In the City: Melrose Trading Post

Melrose Trading Post

What: A weekly vintage goods, arts and crafts bonanza

Where: West Hollywood, in the parking lot of Fairfax High School (corner of Melrose and Fairfax)

When: Every Sunday, 9 a.m. to 5 p.m.

Good Stuff to Know: Get there early. Parking fills up quickly, but there’s ample street parking in the surrounding neighbourhood – just be prepared to walk. Also, it’ll set you back three bucks to enter!

The Scene: Hipsters, ahoy. Looking for a terrarium, high-waisted shorts, scuffed (but not too scuffed) Doc Martens or an old typewriter? Melrose Trading Post has got you covered. Run by a partnership between Greenway Arts Alliance and the Fairfax High School community, the Trading Post is a great place to start a lazy Sunday in LA.

After cooler-than-expected December temperatures LA finally warmed back up, and I wandered aisle upon aisle of vendors wrapped in the warmth of the mid-morning sun. The Trading Post has a Spitalfields vibe to it – with more artists selling handmade goods (A++). I picked up several pairs of retro-inspired earrings and a few Christmas presents, and wished for a larger suitcase to cart home some of the shabby chic furniture and home decor dotted all over the market. One of the most popular booths was a vendor selling nothing but vintage postcards and pictures, meticulously organized by state. I’m not sure which my brain appreciated more, the travel aspect or the insane attention to detail.

Other things that tickled my fancy:

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  • $5 ugly (and I mean ugly) Christmas sweaters! Why are these so expensive here? Why are there so many in LA? Is this where Christmas sweaters go to die? Note to self, stock up here next year and resell them at home for a tidy profit. Or, just throw amazing ugly sweater parties (more likely).
  • Actual bathrooms!
  • The vendors I spoke with were all lovely! None were pushy and all seemed pretty laid-back for a flea market.
  • The enormous Macho Man Randy Savage body pillow that I really should have bought but couldn’t figure out how I would transport home. Would I have had to buy him a seat on the plane? How awesome would that have been?! I’m sorry Mr. Savage, I should have taken you.

Many vendors are equipped to take credit cards, but bring extra cash for haggling ease. And a friend who’s not an enabler – it took a lot of restraint wandering there solo. There are also a few food vendors and a cute little coffee booth (I opted not to have any coffee, as I was still coming down from Saturday’s activities), and a live band!

Do you have a favourite flea market?


Day Trip: Camden Market

Camden Market

London is chock full of great markets including Covent Garden, Portobello Road and Spitafields, with many specializing in particular goods or services. Camden Market is one of the biggest in Europe, with hundreds of stalls and small shops selling clothing, art, food and random (and I mean random) stuff.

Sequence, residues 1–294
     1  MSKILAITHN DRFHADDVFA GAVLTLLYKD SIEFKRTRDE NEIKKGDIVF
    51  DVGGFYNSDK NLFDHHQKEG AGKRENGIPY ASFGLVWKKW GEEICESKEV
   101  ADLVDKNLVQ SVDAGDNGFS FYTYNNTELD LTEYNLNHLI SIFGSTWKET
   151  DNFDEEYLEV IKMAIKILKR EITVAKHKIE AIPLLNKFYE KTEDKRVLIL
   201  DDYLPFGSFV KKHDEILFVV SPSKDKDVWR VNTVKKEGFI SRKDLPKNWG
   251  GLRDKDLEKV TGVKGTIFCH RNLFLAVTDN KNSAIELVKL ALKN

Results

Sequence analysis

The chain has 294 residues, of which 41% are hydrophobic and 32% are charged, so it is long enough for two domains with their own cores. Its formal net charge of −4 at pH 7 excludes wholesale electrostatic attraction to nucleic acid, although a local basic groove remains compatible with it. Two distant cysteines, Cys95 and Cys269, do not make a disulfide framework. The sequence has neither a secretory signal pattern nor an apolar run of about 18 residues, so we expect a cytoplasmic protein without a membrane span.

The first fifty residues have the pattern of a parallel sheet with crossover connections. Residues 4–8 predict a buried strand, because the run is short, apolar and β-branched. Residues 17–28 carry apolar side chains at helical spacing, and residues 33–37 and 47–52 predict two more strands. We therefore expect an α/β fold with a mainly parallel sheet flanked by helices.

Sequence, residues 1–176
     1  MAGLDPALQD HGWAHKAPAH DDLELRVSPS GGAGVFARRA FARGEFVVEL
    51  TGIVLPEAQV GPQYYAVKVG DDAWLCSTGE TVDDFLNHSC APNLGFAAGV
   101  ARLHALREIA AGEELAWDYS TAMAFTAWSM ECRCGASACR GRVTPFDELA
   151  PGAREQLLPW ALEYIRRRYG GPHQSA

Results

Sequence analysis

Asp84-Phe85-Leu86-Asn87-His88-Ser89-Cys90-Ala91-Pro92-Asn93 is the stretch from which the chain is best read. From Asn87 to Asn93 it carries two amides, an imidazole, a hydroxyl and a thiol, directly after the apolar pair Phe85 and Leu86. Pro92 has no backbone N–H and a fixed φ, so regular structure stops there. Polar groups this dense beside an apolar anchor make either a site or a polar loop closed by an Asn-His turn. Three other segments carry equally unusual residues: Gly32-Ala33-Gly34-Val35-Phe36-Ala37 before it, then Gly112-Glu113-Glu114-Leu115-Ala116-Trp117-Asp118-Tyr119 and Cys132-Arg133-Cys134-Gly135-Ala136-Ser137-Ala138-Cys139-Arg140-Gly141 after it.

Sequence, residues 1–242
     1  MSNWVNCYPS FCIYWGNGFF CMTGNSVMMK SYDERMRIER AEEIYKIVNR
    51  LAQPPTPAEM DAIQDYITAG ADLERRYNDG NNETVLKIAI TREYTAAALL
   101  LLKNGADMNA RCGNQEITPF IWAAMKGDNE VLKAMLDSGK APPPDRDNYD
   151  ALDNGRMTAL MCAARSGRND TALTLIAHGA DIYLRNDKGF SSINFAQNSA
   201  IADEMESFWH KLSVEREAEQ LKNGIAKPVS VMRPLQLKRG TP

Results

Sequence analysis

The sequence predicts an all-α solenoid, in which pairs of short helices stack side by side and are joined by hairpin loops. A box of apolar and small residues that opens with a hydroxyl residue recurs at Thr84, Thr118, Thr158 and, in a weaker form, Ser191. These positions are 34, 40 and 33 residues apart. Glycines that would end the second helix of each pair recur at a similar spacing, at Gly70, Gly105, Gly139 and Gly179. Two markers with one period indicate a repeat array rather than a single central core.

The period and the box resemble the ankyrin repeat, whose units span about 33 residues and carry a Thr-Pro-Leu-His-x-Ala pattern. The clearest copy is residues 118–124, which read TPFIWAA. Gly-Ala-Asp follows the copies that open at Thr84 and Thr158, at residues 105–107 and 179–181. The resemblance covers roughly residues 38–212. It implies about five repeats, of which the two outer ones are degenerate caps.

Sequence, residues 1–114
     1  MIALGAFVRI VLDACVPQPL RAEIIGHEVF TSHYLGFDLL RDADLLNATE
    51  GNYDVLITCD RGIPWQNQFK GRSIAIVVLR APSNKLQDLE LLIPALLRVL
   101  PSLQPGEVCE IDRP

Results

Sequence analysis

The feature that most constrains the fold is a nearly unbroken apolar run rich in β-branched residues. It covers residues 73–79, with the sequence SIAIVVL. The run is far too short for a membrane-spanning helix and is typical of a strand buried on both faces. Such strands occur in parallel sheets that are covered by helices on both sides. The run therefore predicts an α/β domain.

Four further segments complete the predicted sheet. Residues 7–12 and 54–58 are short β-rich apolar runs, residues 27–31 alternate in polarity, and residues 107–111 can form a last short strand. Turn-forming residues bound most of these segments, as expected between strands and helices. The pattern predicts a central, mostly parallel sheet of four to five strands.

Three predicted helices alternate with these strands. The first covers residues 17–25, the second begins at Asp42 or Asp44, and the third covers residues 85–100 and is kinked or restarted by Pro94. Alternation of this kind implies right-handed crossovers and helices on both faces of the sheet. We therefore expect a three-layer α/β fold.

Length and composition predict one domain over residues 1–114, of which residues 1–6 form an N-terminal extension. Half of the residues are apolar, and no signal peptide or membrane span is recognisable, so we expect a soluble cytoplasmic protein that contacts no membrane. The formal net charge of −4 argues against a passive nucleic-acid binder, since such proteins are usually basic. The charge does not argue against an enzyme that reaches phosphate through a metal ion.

Camden Market is a good stop if you:

  • Are into goth/punk/vintage clothing
  • Enjoy people watching
  • Are hungry. Portions from food vendors are generous!

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While the market is close to several Tube stations, we opted instead for a waterbus trek from Little Venice (a short walk – or slight jog, in our case, from Paddington Station) to Camden. Cruising along Regent’s Canal, checking out enormous houses and the leafy trees in Regent’s Park, it was a peaceful way to start our visit to a place that’s anything but quaint. Once we arrived at the market, we wandered food stalls to  start thinking about lunch (maybe just me who did this), poked around stalls (there’s a cute little pop-up shop right by the food that’s worth a visit) and eventually settled by the canal to watch boats navigate through the locks.

And eat. The food was so good!

We capped off the day with a steep walk up Primrose Hill in Regent’s Park and rolled ourselves back down the hill onto a sunny patio for a Pimm’s.

As a head’s up, the market is pretty crowded. We went on a Friday, but Sunday is the busiest day – Camden Town Tube station shuts for the afternoon from 1 p.m. onwards to manage the crowds. A less busy option is Chalk Farm, a short walk or bus ride away up the Northern line.

Sunday Seven – Buffalo, More Than Wings

I went to Buffalo for work last week (the glitz and glamour of business travel), and during a wee bit of downtime I decided to wander around and see if there was more to the city than wings and many, many Targets.

It’s not the most walkable city I’ve been to, nor the most vehicle-friendly thanks to the giant potholes that outnumber actual pavement at some points. And there were definitely moments where I retreated quickly and found an alternate route due to…sketchiness. However, there is more than  discounted shopping and meat (although there is a LOT of meat). Here’s seven things to check out in Buffalo: